Article
Background The enhanced liver fibrosis (ELF) blood test has recently been recommended by the National Institute for Health and Care Excellence to test for advanced fibrosis in nonalcoholic fatty liver disease. The ELF test involves calculating a score from the concentrations of serum biomarkers: tissue inhibitor of matrix metalloproteinases-1 (TIMP...
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We read with interest the meta-analysis [Shen et al. 2016] in Therapeutic Advances in Gastroenterology regarding the association between caffeine and non-alcoholic fatty liver disease (NAFLD). The authors analysed separately the associations of (1) caffeine from ‘regular coffee’, which has been described elsewhere as ‘filtrated coffee’ [Anty et al....
Article
Background Liver cirrhosis is a large burden on global health, causing over one million deaths per year. Observational studies have reported an inverse association between coffee and cirrhosis. AimsTo perform a systematic review and meta-analysis to characterise the relationship between coffee consumption and cirrhosis. Methods We searched for stud...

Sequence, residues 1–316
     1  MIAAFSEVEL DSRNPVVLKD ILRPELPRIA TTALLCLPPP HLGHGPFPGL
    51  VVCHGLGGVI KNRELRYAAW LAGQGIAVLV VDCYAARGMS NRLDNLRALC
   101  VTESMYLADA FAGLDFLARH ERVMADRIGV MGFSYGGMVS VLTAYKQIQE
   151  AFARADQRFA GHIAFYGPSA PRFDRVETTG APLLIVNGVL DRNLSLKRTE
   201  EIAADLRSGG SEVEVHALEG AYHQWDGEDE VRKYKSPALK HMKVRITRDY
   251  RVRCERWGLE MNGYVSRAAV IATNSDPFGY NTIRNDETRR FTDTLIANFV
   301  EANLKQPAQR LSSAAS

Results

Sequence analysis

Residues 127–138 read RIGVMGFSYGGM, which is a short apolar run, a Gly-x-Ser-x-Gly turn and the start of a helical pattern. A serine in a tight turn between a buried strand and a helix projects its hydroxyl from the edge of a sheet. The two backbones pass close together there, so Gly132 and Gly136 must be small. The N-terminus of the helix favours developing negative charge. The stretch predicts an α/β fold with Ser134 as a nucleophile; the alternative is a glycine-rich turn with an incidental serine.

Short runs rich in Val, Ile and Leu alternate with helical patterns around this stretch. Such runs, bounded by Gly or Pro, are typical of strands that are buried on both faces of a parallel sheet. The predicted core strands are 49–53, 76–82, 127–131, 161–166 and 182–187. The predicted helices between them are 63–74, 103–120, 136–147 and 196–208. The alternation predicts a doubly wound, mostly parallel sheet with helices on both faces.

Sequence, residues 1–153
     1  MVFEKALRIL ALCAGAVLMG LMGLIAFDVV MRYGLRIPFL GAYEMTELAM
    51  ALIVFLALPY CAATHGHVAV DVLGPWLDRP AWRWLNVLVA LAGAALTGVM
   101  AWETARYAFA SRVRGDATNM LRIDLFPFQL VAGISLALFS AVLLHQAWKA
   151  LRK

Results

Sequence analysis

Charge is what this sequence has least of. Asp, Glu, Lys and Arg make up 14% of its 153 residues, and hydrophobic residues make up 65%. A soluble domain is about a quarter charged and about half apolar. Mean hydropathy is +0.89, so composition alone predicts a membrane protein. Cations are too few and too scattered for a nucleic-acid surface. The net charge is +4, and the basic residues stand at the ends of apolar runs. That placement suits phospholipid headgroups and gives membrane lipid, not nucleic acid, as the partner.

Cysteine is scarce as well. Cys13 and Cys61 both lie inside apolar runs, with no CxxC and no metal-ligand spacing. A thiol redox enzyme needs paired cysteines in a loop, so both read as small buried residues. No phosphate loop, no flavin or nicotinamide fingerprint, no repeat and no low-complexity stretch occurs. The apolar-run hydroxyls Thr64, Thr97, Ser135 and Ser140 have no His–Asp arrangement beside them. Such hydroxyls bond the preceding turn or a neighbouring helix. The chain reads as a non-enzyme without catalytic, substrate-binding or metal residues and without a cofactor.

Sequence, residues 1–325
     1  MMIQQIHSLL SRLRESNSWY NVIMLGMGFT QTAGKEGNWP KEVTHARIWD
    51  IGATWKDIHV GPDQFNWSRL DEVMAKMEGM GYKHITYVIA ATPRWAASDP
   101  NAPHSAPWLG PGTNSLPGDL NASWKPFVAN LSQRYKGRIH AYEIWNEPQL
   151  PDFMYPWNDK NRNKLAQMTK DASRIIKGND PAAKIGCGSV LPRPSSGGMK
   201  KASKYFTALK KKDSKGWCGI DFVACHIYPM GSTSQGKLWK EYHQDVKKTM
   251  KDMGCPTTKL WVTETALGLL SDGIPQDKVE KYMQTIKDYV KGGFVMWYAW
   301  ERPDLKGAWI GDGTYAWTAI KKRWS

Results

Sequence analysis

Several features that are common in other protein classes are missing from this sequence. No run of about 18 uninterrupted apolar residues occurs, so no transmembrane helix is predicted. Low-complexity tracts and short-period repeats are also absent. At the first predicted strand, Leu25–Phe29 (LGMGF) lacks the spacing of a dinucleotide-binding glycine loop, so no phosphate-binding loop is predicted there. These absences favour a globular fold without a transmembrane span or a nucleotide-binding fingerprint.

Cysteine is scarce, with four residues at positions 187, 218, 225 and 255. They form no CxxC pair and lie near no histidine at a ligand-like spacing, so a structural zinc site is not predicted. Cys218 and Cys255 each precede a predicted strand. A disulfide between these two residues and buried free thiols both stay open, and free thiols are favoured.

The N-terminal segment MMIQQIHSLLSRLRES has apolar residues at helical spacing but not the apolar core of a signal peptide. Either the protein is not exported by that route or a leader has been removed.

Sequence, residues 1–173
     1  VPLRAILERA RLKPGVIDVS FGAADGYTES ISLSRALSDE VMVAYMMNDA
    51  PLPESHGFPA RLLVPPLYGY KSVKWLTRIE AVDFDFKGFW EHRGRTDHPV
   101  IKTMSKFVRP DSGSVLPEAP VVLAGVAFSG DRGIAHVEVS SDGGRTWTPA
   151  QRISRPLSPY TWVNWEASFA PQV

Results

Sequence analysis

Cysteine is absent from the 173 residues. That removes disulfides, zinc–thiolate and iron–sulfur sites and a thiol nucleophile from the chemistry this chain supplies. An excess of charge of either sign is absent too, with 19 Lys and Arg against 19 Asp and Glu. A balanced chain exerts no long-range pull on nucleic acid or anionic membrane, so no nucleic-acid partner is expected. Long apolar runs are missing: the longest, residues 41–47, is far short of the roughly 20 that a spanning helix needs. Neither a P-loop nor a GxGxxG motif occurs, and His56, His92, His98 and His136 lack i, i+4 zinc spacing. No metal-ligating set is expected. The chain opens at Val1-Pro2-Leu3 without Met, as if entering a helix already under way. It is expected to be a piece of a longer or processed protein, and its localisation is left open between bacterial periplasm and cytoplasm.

Citations

... Compared to non-consumers, the risk of developing chronic liver disease, steatosis, and cancer was reduced by 20%, while the risk of death from a liver pathology was reduced by 49% in coffee consumers. This reduction was found with all types of coffee, regular caffeinated ground coffee, decaffeinated coffee, and instant coffee [187]. Likewise, another relatively recent cohort study including 1019 patients reported that high coffee consumers had a lower risk of advanced liver fibrosis than the reference group. ...
... Use of a single pathologist to read all biopsies would have been preferred but was not possible. ELF constituent analytes are stable under a range of storage conditions and ELF score is not significantly impacted by changes in single analyte concentrations given its logarithmic algorithm [30]. This is reassuring that ELF scores are accurate and reliable despite samples being collected at multiple centres during different time periods. ...
... This process is mediated by aryl sulfotransferase and is the basic pathway of forming PCS from uPC. There is an extensive body of evidence supporting the detrimental effects ESRD has on dyslipidemia (106)(107)(108)(109)(110)(111) and the development of nonalcoholic steatohepatitis (NASH) and nonalcoholic fatty liver disease (NAFLD) (112)(113)(114)(115)(116)(117). This coupled with the findings of downregulated hepatic sulfotransferase expression and activity in both NASH and NAFLD (105,118) could possibly explain the increased (detected) uPC concentrations in patients on dialysis as opposed to healthy individuals. ...